Editor's note March 28, 2008: The rating for the D40x has been lowered since the review was originally published to reflect changes in the capabilities of current comparable models from other manufacturers.
When the Nikon D40 came out late last year, one of the chief complaints people had was that it only had a 6-megapixel imaging sensor. Not being the type to ignore its customers, Nikon has introduced the D40x, which is nearly identical to the D40, but includes a 10.2-megapixel CCD sensor. Of course that means you now have to choose between saving some money--and possibly buying another lens or accessory--and getting more megapixels. Plus, if you're a more experienced photographer, you'll also have to weigh the D40x against the 10.2-megapixel D80, which offers controls and features that are geared toward people who have used an SLR before.
Like its non-x sibling, the D40x includes the same processing engine as the Nikon D200 and the same 420-pixel-sensor 3D Color Matrix Metering II system found in the D80. While the D40 can only be purchased in a kit with the 18mm-to-55mm f/3.5-to-f/5.6 lens, the D40x is available in four options: body only; with the same 18mm to 55mm as the D40; as a two-lens kit with that 18mm to 55mm and a 55mm-to-200mm f/4-to-f/5.6 VR (Nikon's smallest, lightest, and least-expensive vibration-reduction lens to date); or with the same nice 18mm-to-135mm f/3.5-to-f/5.6 available with the D80. Astute Nikonians will note that all these lenses bear the AF-S designation. That's because, like the D40, the D40x doesn't include an autofocus coupling pin, so if you want to use autofocus, you're limited to AF-S or AF-I lenses. In our field tests, among other lenses, we also used a 50mm f/1.4 Nikkor AI-S and a 60mm f/2.8D AF Micro-Nikkor. Both communicated flawlessly with the body, which successfully controlled the lens' aperture blades. The only drawback was we had to focus on our own, which was a relatively pleasurable experience, especially for an entry-level SLR, thanks to the D40x's fairly bright 0.8x viewfinder. However, if you have trouble keeping your horizon straight, you should note the finder lacks any sort of grid.
The camera body itself is on the small side, keeping in line with most of the entry-level dSLRs on the market. It has a well-formed grip, with a slight indentation on the inside that adds to its solid feel, though like the smaller Pentax models and the Canon Rebel XTi, your pinky finger will likely dangle below the camera. In a sacrifice to size (and possibly cost), you won't find a second status display, as you do on the tops of most mid- and pro-level dSLRs. Instead, the 2.5-inch LCD does double duty, serving up camera settings, in addition to its normal role of menu access and image playback. Nikon's new graphic-based interface, introduced in the D40, lives on in the D40x. While it looks nice, and does a good job of showing users the effects of the camera's various controls, the new control scheme isn't particularly intuitive, so users who don't read their manuals may hit a few snags. For example, while we did find it intuitive to press either the Info button near the shutter or the "i" button on the camera back to bring up the shooting information screen, we had to consult the manual to discover that a second press of the "i" button lets you navigate through that screen to change settings such as white balance, ISO, metering, AF mode, or image size and quality. We laud the simplicity of this approach, but the double-button-press process slowed us down during our field tests.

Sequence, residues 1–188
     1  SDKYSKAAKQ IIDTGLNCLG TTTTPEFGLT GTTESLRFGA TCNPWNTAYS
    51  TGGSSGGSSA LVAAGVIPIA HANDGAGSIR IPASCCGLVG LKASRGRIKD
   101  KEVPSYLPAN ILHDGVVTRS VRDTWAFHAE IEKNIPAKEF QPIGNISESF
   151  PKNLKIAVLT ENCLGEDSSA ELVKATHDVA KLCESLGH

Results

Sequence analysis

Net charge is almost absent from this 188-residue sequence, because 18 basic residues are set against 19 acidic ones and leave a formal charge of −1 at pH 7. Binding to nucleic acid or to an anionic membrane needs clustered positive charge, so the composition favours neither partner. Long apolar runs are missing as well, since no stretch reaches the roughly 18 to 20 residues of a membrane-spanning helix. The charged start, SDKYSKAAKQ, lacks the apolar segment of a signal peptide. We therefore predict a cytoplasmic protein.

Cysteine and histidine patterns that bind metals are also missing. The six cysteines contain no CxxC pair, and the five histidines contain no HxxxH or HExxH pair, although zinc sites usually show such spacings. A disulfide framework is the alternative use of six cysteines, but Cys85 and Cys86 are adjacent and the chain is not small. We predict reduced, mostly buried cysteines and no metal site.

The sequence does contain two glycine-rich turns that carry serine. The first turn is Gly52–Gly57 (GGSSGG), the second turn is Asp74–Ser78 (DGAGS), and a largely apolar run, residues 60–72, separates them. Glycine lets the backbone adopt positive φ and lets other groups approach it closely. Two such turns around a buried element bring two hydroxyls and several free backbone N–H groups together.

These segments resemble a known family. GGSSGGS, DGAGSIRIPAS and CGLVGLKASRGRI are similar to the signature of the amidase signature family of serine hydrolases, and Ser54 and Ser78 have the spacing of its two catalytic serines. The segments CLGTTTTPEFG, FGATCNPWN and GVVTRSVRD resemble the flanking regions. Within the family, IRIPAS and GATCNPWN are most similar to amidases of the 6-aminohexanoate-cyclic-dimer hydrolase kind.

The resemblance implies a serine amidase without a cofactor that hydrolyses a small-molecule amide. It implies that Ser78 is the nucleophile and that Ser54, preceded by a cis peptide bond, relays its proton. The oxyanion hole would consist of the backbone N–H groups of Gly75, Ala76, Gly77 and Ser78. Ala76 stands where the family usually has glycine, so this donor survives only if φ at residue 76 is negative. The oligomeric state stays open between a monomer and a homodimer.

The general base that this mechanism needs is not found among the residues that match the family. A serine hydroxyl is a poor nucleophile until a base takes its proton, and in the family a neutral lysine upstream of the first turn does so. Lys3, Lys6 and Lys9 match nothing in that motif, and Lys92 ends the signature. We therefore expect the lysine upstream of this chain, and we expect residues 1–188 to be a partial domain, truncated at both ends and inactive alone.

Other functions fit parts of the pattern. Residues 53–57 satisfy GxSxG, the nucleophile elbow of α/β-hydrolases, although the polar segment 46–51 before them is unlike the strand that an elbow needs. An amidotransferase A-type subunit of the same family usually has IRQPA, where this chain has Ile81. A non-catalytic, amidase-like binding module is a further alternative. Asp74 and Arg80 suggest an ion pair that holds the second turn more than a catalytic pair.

While Nikon's not alone in putting a 3-point autofocus system in its entry-level dSLRs (Olympus' E410 and E510 also use 3-point systems), some competitors, such as Canon's Rebel XTi (9-point AF) and Pentax's K100D and K110D (11-point AF) include more sophisticated autofocus systems. In our field tests, the D40x had occasional difficulty locking on subjects, sometimes choosing the wrong object, but more often was just a bit sluggish. In other areas, the D40x surpasses some of the competition. Its sensitivity settings range from ISO 100 to ISO 1600, plus an H1 setting, which is essentially equivalent to ISO 3200. By contrast, the D40's lowest sensitivity is ISO 200, as are the Pentaxes'. Canon's XTi and the two Olympuses start at ISO 100, but top out at ISO 1600. Shutter speeds on the D40x range from 30 seconds to 1/4000 second, and exposure compensation covers a rather wide swath of plus or minus 5EV in third-stop increments. However, the scale used to show exposure compensation in the viewfinder and on the LCD screen only covers plus or minus 2EV, so beyond that, you need to pay attention to the tiny numerical indicator next to the scale. All other exposure controls also run in third-stop increments, as opposed to the more-coarse half-stop increments that some cameras, such as the Fujifilm S3 Pro, use.
As always, Nikon includes its barely useful Picture Project RAW processing software with the D40x and expects you to shell out an extra $150 to purchase the company's Capture NX software if you want a more robust way to process RAW images. That means, if you plan on shooting in RAW, you need to add $150 to the price of this camera when drawing comparisons with its competitors, all of which include decent RAW converters at no charge. I have yet to meet a Nikon photographer who is not affiliated with the company who doesn't complain voraciously about Nikon's stance on this issue, but it doesn't seem as though the company will change its mind anytime soon. On the flip side, the Capture NX software is quite nice and includes some innovative image editing tools.